Honestly, I would never ever start an agency as a way to grow my personal take-home pay quickly. Building an agency, even a micro agency, requires patience, time and effort. It’s a far cry from the ads all over my Instagram, promising a million-dollar agency within 12 months.
Myth #3: You’ll Be Totally Hands Off
The next myth is super appealing to solopreneurs who are tired or burned out. One of the most enticing parts of growing an agency is that you won’t need to do everything yourself and that you can be much more hands-off.
Here are the cold, hard facts. Getting to the point where you can be hands-off takes much longer than anyone could ever imagine. Unless you’re in a situation where you have the resources to hire a full-on replacement for you and have magical powers whereby you can instantly download your brain into their head, this is a long-term project.
By long-term project, I mean one that will take years. Truth be told, with a micro agency you may never get to the point where you can be completely hands-off. Sure, you can take a vacation and not do everything yourself, but micro agency owners still work in the business, talk to clients, and lead the team.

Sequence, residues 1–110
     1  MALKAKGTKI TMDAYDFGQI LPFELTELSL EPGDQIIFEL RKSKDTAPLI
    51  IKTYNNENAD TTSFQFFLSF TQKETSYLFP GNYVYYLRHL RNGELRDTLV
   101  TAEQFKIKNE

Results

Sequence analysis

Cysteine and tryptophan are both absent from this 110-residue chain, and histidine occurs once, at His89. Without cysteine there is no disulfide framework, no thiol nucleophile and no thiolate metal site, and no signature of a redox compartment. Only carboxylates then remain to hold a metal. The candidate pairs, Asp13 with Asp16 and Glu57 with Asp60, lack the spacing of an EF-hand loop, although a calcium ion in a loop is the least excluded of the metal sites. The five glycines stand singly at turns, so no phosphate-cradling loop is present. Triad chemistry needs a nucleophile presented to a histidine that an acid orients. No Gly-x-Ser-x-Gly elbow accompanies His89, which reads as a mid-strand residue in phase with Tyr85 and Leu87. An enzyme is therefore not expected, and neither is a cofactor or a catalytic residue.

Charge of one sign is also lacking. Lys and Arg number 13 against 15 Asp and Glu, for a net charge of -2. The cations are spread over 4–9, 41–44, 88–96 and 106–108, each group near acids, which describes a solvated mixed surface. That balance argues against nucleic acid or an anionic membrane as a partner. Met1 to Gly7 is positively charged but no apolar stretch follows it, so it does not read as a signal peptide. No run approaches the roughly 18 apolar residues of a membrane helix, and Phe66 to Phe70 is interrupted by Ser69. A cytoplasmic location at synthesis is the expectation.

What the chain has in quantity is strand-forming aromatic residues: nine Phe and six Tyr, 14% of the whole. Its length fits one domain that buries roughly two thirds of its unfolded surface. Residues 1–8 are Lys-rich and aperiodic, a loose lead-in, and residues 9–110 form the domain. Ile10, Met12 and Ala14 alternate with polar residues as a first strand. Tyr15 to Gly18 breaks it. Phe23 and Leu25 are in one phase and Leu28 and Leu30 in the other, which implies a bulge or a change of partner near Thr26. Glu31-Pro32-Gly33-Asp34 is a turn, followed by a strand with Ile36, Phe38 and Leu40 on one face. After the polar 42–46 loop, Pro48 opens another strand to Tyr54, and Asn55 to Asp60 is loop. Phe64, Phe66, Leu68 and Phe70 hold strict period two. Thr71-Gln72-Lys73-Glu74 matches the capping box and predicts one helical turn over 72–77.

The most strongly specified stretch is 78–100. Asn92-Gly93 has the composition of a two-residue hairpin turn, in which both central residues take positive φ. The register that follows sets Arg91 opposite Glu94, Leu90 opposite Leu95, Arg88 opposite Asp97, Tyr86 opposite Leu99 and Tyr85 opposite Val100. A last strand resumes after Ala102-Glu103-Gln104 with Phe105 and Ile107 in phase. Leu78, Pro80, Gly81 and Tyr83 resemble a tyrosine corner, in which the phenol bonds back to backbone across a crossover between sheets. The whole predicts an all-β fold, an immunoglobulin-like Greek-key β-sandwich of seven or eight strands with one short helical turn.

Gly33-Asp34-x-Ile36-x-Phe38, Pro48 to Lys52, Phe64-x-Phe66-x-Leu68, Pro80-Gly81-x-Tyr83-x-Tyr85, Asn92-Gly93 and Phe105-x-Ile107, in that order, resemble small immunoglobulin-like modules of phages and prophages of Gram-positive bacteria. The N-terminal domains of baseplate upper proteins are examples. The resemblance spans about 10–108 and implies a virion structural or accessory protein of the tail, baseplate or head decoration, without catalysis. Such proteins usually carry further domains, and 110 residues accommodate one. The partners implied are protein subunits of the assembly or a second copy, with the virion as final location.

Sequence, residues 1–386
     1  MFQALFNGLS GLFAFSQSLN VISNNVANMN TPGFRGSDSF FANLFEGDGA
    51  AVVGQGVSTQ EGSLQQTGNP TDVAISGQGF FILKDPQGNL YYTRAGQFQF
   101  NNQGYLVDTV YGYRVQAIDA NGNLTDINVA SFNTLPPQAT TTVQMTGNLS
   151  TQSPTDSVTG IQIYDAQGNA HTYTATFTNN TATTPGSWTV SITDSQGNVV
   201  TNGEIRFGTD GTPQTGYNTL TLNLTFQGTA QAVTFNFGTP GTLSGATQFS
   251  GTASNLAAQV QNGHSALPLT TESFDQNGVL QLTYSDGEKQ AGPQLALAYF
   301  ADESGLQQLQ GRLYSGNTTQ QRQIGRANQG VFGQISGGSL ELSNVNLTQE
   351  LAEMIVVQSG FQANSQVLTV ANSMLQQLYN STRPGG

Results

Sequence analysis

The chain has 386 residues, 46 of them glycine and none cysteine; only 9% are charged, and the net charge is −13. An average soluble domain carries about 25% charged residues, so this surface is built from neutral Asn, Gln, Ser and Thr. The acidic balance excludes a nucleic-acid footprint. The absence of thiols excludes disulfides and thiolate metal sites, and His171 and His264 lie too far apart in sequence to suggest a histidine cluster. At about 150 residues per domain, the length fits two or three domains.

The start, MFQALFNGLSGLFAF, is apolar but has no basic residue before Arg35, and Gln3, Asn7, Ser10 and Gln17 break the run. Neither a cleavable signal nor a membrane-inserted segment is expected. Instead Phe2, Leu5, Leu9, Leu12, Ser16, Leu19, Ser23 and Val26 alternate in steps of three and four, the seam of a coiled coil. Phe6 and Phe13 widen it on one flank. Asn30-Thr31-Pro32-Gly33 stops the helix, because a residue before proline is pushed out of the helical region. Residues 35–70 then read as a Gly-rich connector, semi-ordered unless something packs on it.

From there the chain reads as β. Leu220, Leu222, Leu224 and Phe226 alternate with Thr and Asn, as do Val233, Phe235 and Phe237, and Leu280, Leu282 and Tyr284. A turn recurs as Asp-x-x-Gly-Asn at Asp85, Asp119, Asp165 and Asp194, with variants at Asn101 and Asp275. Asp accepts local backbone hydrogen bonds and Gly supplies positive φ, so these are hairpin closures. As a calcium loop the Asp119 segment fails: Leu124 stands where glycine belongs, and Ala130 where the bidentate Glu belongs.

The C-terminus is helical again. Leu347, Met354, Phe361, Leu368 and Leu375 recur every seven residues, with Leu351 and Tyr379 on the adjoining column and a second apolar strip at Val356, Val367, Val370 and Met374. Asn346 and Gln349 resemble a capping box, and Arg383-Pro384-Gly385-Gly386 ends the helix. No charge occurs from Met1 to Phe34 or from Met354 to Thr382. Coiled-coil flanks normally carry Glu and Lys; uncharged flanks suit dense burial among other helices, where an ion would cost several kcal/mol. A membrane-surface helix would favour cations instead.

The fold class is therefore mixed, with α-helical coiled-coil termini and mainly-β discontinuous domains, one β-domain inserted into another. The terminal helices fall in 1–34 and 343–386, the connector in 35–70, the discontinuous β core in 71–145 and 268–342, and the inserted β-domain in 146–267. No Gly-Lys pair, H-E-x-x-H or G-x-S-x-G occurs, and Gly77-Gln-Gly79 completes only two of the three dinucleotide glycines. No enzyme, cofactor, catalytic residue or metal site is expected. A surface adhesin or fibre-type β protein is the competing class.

If you’re currently an agency owner who’s frustrated that you’re not there yet, look for incremental improvements over time. Focus on your foundations and leading in a way that enables you to give your team agency (pun intended) over decisions on an ongoing basis.
And if you really want to be hands-off, hate the client work you’re doing and all of the things that go with running an agency, maybe this isn’t the right business model for you. For some reason, I think the celebrity entrepreneurs have sold the idea of an agency as an alternative to courses or programs that can be passive.
Myth #4: Bigger is Better
Remember when I said a micro agency has up to ten employees? That doesn’t mean you have to have that many employees. That’s just the technical definition of what makes your agency “micro”.
Bigger doesn’t automatically mean better when it comes to your agency. As I shared in an essay on scale last year, micro businesses can easily run into issues as they enter the “valley of death”.
This term was coined by Vern Harnish in the book Scaling Up. The Valley of Death is a phenomenon where there’s a danger zone the company must travel through, and many companies don’t come out alive. In his model, he discusses how many companies never make it past the one-million-dollar mark.